I thought I was in trouble when the first full-size tarpon grabbed my bait right next to the kayak and launched into a series of high leaps and screaming runs. I knew from snook and tog fishing that the reel had an excellent drag system, but that first big tarpon tested it on another level. Eighteen minutes and a half-mile down the river later, I gripped my hand on the jaw of that big tarpon. I was amazed I actually landed such a big one on that gear and figured I was just lucky. Five casts later, I did it again. Several boats passing by on the river even stopped and watched from a distance as the guy in the kayak subdued a huge leaping fish. I would get a leader touch on one more big one before that 4-hour trip was over. From that point on, my snook and redfish rod became my kayak tarpon rod. While I kept at least one of those fish from stripping my spool by allowing it to tow the kayak, I landed a big migratory tarpon in late April on the Evict 2000 while shore wading for snook and reds one evening.
While I’ve focused on the 2000 size reel for this review, the Tsunami Evict is offered in sizes ranging from 2000 to 5000. I spool my 3000 with 30-pound-test braid and use it to bucktail manageable size Goliath Grouper in the Florida Everglades channels. This is very similar to striper fishing, except the hit is harder and the initial seconds of the battle are more intense as the fish dive for structure. My 5000 Evict is spooled with 50-pound-test braid and is used for sharks.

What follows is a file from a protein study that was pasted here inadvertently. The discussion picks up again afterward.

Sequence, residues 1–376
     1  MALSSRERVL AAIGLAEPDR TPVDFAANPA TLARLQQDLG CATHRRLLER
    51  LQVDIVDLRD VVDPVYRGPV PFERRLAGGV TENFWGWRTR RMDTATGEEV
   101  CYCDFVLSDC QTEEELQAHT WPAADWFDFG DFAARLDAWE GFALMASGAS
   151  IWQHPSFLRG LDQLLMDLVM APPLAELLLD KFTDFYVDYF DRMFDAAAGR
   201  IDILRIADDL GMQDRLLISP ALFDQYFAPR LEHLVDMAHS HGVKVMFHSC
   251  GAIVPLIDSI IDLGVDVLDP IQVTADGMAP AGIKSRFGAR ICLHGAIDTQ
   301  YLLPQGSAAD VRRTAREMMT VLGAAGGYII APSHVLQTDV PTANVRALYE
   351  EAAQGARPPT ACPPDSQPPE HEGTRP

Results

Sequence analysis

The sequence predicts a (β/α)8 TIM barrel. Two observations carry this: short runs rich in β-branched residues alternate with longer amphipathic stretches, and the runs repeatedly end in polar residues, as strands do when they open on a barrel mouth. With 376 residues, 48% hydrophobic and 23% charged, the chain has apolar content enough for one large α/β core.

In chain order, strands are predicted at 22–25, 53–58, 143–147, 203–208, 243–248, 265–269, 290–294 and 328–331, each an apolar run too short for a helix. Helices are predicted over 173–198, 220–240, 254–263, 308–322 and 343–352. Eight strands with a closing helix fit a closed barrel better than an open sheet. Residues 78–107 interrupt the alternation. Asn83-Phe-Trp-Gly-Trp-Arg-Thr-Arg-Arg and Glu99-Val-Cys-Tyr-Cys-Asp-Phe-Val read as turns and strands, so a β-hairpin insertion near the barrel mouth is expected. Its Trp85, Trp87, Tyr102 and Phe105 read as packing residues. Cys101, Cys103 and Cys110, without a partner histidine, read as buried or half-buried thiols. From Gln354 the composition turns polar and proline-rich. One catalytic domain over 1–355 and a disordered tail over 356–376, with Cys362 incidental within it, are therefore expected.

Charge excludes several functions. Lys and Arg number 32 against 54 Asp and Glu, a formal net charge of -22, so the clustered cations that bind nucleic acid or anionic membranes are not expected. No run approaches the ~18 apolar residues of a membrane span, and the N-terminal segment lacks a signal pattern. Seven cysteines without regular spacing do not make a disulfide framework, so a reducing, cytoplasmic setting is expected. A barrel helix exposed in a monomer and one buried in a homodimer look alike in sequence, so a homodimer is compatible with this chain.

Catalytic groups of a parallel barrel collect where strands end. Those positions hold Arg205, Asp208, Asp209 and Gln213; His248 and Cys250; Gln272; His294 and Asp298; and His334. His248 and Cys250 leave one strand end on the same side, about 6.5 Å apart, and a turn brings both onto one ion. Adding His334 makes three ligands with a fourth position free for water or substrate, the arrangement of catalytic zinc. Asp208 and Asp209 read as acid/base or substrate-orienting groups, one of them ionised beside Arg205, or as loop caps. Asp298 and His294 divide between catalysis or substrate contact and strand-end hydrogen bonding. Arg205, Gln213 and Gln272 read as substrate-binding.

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What the Tsunami Evict Does Worst
I have caught false albacore on this reel when they have crossed my path while fishing for blackfish, but there are other reels, such as the Penn Clash II HS, that are better suited for high-speed presentations. There are other reels on the market that weigh slightly less. For example, the Daiwa BG 2500 is the same size as the Evict 2000 but weighs 1.5 ounces less.
What the Tsunami Evict Does Best
Even the smallest 2000 size model of this reel powers fish out of structure and subdues large fish, such as tarpon. The stainless gear train stands up to this stress and remains smooth. In these days of everything costing a little more, the Evict 2000 still sells for $150, which is rather remarkable for a reel built on so many stainless steel parts.
Final Thoughts on the Tsunami Evict
I own a lot of spinning reels from several manufacturers. Half of my year is now spent on the southwest Florida fishery, and if you see me there on my boat, kayak, or the shore, it’s likely that all my reels are Tsunami Evicts. They’re durable, smooth, comfortable to fish with, and (most importantly) they stand up to the stress of large fish. They’re as good as any reel on the market, at any price, for the increasingly popular Northeast blackfish jigging fishery. Built with stainless steel guts for a price around $150, this reel’s pretty much unbeatable in today’s market.